La Unità di Italia

When waking Thursday morning and remembering the date, I can imagine that thoughts of green filled one’s mind. Ask anyone you know about March 17th and you can expect a smile widening at its announcement of Saint Patrick’s Day. A day for wearing green, eating corned beef and cabbage and Irish soda bread, and enjoying Guinness, the celebration of Ireland’s Patron Saint is highly anticipated for the Irish community.

One might wonder why I am even writing about Saint Patrick’s Day when I am living in country with no Irish roots. As one can imagine, Saint Patrick’s Day does not have a great following in the nation shaped like boot because of its very limited Irish population. However, despite Italians disassociation with shamrocks and green beer, the date has its own significance to the peninsula: on 17 March 1861, Italy became a unified country.

This year is a particularly exciting time to be in the Mediterranean nation for its unification because it is the 150th anniversary. After having confused the phrase buon anniversario as “happy birthday,” my housemate inquired to our host mother as to whether Italy was celebrating its birthday or its anniversary. According to Flavia, March 17th can technically be considered both, but it is mostly celebrated as the official date for the country’s unity. Because of its power in the Holy Roman Empire, Italy is rich in world history. Yet, because it was only recognized as an official nation cento cinquanta anni fa (150 years ago), the country is relatively young. Many historians like to say that the United States is a young country, but considering that in 1861 Italy was just becoming unified and America was 85 years old and on the brink of Civil War, one begins to question how exactly to define young.

To celebrate il Risorgimento (the term for the 150th anniversary), Italy went all out to celebrate. One of the biggest celebrations in the nation took place Wednesday night in central Florence. Beginning at seven o’clock in the evening, many of the Renaissance renowned museums had free admission until one o’clock in the morning. In the city’s various piazzas, Italians enjoyed free concerts and theatrical performances, including a public reading of Dante’s Divina Comedia. All the while, the city was illuminated by il tricolore, the red, white, and green colors of the Italian flag. Taking a page from America’s Fourth of July celebrations, i fuochi di artificio, fireworks, lit up the night sky at midnight.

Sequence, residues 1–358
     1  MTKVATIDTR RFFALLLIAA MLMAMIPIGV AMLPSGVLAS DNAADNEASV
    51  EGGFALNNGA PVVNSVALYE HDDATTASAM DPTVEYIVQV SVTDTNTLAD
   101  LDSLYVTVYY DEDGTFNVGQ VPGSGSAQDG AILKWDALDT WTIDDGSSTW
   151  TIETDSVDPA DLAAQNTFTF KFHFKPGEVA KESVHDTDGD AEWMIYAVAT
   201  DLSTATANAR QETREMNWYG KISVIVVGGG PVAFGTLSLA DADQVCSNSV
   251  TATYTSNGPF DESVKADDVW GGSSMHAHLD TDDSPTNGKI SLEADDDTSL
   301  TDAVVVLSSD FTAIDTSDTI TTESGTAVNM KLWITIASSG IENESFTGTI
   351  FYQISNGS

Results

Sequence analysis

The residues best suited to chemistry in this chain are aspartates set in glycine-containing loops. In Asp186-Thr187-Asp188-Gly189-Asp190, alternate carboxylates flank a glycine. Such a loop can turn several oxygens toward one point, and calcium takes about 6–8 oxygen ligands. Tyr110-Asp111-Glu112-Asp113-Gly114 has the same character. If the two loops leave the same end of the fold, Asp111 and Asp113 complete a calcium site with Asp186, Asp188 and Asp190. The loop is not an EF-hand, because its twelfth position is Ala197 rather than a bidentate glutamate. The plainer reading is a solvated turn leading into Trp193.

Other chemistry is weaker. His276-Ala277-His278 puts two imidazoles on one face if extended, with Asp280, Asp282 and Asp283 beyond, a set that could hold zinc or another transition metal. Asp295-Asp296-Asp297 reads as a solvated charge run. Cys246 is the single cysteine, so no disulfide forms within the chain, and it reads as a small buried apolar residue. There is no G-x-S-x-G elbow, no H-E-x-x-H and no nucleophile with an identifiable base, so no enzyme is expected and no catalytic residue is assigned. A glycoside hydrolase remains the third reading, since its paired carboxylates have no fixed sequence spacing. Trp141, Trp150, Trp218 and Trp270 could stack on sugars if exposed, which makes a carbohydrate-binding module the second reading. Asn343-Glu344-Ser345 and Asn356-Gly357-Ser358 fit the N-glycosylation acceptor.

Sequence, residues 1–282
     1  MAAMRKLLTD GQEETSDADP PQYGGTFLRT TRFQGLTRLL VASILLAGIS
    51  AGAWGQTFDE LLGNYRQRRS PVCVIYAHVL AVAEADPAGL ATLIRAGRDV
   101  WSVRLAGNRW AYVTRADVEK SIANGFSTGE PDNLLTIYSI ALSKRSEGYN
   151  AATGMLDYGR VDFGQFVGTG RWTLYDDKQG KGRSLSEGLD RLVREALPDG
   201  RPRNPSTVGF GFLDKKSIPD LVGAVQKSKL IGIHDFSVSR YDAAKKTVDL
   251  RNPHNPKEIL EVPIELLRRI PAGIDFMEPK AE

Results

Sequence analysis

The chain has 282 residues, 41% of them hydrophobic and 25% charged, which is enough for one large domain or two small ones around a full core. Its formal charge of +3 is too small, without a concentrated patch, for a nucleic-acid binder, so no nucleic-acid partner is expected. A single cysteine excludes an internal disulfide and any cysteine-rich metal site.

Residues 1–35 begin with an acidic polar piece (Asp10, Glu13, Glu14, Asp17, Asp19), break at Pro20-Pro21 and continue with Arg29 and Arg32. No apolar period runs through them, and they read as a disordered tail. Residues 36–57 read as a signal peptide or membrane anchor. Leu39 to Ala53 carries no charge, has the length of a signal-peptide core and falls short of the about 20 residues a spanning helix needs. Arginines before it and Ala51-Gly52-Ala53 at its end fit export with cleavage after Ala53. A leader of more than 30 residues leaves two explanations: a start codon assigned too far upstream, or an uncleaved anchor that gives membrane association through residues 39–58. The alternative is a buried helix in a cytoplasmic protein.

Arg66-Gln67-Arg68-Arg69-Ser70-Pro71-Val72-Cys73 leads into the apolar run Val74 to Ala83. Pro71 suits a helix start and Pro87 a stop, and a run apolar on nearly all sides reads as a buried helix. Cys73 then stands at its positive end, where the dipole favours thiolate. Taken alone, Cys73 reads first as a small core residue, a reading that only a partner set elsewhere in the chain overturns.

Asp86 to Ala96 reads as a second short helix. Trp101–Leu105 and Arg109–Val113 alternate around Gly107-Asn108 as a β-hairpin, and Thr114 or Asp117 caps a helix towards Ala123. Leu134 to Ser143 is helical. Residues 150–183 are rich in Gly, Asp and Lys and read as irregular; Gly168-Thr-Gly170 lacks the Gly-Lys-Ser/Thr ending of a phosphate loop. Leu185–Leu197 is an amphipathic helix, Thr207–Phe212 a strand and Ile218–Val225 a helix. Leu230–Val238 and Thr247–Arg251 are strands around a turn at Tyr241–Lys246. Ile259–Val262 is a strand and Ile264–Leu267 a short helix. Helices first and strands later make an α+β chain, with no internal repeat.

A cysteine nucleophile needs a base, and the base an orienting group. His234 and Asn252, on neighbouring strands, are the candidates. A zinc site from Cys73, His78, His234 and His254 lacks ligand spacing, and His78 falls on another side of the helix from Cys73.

Although I still had Italian class Thursday, the majority of Italians spent their March 17th in solidarity and remembrance. Since the day is a national holiday, schools, offices, banks, and the majority of non-tourist businesses are closed. There are no backyard barbeques like in the United States, but there is a great deal of reflection and appreciation for the nation’s unification. While the day is dedicated as a time of celebration, however, there are some Italians who refuse to participate in the festivities. My Italian professor told our class that many northern Italians do not observe 3/17 because the day promotes an idea of unity that they believe does not exist. In their opinions, religious, political, and economic divisions reflect a country that is far from unified.

While such divisions do exist, the idea of protesting Italy’s anniversary appears to only intensify the tension amongst Italians. By denouncing the commemoration, one is denouncing the country’s history and taking a step backwards. The people of the peninsula are not solely Florentines, Romans, Ligurians, or Sicilians but also Italians. This conflict of self-identification is similar to the debate about national and civil identity in the European Union. The anniversary is a one-day a year celebration, and even if it is just for one day, the anniversary represents a time when Italians should come together as one.


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